These will be the messages/narratives that our social media ambassadors will be ’empowered’ to carry with them when they seek out online communities to monitor and understand their discussions, and where appropriate, enter in as a participant. One thing that I think is necessary is to develop a code of ethics or pre-entry guidelines to help our social media ambassadors understand certain protocols of communication with the online community. It’ll be somewhat like overarching corporate guidelines for communication, but for online forums like blogs and forums. This is made under the assumption that the organization I’m talking about is new to this form of communication, but is willing to try it out.
A key element of the communication, in my opinion, is that we should not be actively marketing our organization because people detest that. Nevertheless, while seeking to be knowledge experts in their midst, this may often require the sharing of issues and positions from the organization’s point of view so that everyone in the community can talk about it and dialogue. This is where the strategic narratives I talked about earlier would come in.
While the form of the dialogue and conversations in the different communities will differ, as will the language and style of communication by the different social media ambassadors, the central thread I think that needs to be pulled across are these strategic narratives so that whatever the case, they will not go off the radar screens. Does this make sense?
What I have trouble defining is how to set guidelines on helping the social media ambassadors determine what would be considered conversations and dialogues that are in ‘good taste.’ Obviously, we can tell them that the motive is not to sell the organization but to participate in the dialogues that are occurring. That being said, it can be quite nebulous and fuzzy unless some clear guidelines exist to help our staff understand if they are doing things correctly. Metrics here will be hard to measure, and I fear that given the corporate practice of doing annual performance reviews, it may be hard to quantify what is success or a job well done.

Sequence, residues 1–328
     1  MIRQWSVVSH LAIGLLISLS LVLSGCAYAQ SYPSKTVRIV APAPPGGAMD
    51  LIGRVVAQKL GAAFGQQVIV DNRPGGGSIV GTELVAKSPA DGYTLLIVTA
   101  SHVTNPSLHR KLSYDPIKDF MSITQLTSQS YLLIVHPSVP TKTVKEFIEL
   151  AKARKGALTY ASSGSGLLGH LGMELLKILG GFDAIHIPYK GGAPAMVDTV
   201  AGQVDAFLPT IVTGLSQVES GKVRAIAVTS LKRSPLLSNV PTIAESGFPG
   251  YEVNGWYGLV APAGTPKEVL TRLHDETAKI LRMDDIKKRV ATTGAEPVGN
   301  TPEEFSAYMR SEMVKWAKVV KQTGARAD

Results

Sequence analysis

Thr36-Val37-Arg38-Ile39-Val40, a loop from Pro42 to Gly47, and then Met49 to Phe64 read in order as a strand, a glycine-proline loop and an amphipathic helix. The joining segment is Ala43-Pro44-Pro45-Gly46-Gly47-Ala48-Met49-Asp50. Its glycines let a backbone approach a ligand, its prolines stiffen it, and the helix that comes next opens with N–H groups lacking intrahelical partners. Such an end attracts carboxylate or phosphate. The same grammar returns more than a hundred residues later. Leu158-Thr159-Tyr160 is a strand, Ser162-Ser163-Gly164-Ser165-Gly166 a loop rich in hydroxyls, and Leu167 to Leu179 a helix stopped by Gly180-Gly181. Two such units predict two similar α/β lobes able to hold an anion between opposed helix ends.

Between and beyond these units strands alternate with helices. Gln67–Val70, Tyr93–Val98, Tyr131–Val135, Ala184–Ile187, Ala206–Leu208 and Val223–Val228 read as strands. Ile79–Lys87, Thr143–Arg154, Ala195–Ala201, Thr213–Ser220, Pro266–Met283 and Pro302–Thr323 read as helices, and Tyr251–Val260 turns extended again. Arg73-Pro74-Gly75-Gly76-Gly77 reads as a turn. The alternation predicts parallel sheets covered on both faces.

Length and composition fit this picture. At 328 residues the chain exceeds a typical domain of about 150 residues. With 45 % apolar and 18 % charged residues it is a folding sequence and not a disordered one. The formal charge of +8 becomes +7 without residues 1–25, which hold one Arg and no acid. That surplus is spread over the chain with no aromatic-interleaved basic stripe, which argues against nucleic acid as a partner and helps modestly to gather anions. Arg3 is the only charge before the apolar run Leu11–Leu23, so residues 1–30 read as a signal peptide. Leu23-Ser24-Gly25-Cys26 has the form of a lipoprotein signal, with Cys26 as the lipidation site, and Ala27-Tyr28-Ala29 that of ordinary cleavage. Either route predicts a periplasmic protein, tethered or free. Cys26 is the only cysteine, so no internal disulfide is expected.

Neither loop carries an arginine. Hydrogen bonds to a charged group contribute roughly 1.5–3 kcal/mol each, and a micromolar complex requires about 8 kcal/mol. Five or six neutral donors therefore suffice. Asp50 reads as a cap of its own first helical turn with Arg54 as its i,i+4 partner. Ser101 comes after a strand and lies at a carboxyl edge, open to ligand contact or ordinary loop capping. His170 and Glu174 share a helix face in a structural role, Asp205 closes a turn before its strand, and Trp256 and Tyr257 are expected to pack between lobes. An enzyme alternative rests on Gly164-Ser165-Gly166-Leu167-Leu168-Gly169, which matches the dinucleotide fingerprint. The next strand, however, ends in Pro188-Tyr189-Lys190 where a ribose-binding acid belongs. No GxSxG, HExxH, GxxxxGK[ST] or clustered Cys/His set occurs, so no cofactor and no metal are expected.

I love the concepts and overarching principles I’m reading from your book so far. Do you think there’s a chance you’ll be looking to write a new book on the more tactical aspects of engagement? That’ll be immensely useful I think. Especially for organizations that are conservative, but have elements within that are looking for all the right reasons and opportunities to introduce the 2.0 element in. 🙂
This is one aspect of what I think we need to do.
March 25, 2009 @ 1:18 am
Daniel, a very well thought out post. With respect to finding out where people are having conversations about your organizaiton in communities, Brian and I wrote about the Conversation Prism. It’s a breakdown of all of the different networks from micromedia and social networks to photo sharing and video sharing sites. Looking at the Conversation Prism you can use a social media map to chart out where an organization should be interacting and engaging in dialogue just based on the current level of conversations.
I absolutely agree that there should be ethics when members of a company engage so that they have set guidelines and/or protocol. I also agree with you that it’s not about selling the company. Blogs and social networks are not for marketing messaging but rather to communicate meaningful information. If we listen carefully in our networks, then we will know what our constituents need from us to help them to make a decision or to properly answer their questions.
I’m really happy that you are enjoying our book and I do believe their will be more books to come that delve in deeper to many of these subjects. Thanks!
March 29, 2009 @ 11:27 pm
Deirdre, your quoted element of the book is very similar to one train of thought I’ve had lately, as I begin navigating Facebook and Twitter more deeply (and also things like Wikipedia, which can be QUITE intimidating.)